How many times have you been promised a single food will cure all of your health woes? You know, acai, goji berries, maca powder… the list of so-called superfoods is almost endless.

As a dietitian, I don’t usually promote these exotic ingredients. They’re a drain on your bank balance and simply unnecessary for good health. But there is a small handful of foods that boast that infamous ‘superfood’ title I’m actually all for.

One of them is psyllium husk –here’s why.

What is psyllium husk?

Let’s get the technical part out of the way: psyllium husks are the outer shells of the seed ‘plantago ovata’. It’s plant-based and low in carbs, making it perfectly acceptable for a range of popular diets (think: keto, vegan, gluten free…)

At almost 100% fibre, psyllium husk is great news for your gut. It’s rich in a type of fibre called ‘soluble fibre’, which absorbs water and slows down digestion.

This type of fibre also supports the health of your heart as it works to lower cholesterol. What’s more, soluble fibre can help to balance blood sugars, too.

How do you use it?

You’ve probably already tried psyllium husk in cereals or fibre supplements like Metamucil. But you can buy plain old psyllium husk from the health food aisle of your supermarket and get creative in the kitchen with it, too.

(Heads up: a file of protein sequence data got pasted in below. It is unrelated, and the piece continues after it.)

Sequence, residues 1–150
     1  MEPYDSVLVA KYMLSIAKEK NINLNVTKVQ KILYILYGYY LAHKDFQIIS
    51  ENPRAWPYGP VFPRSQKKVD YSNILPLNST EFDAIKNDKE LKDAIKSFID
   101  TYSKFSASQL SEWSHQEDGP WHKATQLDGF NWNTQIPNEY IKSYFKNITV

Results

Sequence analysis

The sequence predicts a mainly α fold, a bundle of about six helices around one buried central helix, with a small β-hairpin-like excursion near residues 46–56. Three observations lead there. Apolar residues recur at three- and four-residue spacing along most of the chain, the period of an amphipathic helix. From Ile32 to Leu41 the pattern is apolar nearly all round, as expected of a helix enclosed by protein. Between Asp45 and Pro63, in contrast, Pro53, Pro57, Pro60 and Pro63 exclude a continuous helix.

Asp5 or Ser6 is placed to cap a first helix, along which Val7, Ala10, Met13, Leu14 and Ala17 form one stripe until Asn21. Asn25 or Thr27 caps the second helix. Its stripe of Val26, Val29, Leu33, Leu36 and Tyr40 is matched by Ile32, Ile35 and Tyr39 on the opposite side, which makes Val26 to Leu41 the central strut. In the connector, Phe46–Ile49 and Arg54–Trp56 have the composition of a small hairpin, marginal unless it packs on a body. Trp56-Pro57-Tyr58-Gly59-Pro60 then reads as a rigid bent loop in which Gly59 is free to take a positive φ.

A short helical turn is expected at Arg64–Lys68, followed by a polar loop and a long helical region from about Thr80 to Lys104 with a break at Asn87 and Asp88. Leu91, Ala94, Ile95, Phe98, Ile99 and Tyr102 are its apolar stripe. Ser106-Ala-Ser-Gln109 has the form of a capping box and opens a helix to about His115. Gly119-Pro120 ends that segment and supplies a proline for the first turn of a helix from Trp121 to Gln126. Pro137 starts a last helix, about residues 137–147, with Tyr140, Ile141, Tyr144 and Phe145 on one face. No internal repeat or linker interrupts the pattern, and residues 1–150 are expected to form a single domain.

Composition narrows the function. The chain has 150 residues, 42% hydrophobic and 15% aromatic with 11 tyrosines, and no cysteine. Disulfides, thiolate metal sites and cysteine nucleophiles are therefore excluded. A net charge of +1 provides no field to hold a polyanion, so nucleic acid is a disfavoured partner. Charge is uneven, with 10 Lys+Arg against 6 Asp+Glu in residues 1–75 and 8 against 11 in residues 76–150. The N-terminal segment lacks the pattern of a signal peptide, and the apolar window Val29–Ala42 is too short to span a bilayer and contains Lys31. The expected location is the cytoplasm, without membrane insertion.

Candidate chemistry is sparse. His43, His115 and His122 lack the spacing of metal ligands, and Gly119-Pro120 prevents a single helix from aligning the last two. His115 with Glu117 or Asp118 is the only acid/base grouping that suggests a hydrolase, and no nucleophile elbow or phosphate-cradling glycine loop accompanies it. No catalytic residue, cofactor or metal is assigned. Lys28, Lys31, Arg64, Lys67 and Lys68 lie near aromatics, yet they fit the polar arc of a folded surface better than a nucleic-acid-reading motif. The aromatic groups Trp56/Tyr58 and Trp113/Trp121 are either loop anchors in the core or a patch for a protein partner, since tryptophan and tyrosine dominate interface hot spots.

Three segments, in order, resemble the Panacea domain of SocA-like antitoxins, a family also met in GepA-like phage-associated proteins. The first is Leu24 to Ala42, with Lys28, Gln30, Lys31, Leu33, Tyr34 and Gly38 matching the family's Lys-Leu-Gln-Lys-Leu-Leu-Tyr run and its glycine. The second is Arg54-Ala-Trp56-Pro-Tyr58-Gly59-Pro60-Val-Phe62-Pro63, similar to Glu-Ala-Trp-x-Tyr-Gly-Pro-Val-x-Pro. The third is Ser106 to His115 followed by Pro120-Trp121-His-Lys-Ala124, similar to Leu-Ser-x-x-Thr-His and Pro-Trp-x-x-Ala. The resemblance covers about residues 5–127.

To give you a helping hand, here’s five easy ways to incorporate psyllium husk into your menu to support the health of your gut and ticker.

But be careful – too much can psyllium can really ruin a good recipe, so don’t be too liberal when testing out these ideas.

1. Sprinkle psyllium husk over your morning cereal.

2. Blend psyllium husk into your smoothie.

3. Use psyllium husk to substitute some of the flour in gluten-free baking.

4. Fold psyllium husk through your homemade muesli bar recipes

5. Whisk psyllium husk into your weekend pancake mixture.

A word of warning, psyllium husk absorbs water (big time!), so it’s super important that your water intake increases as you start to incorporate it – otherwise, your body will let you know you’ve overdone it.

Your goal is one extra glass of water per teaspoon of psyllium added into your day.

On the same note, psyllium husk has a strong laxative effect, so you need to introduce it slowly to give your body time to become accustomed to it.

And there you have it! Why I think you should pop psyllium husk onto your next shopping list.

Melissa Meier is an online and Sydney-based Accredited Practising Dietitian. You can connect with her at or on Instagram @honest_nutrition.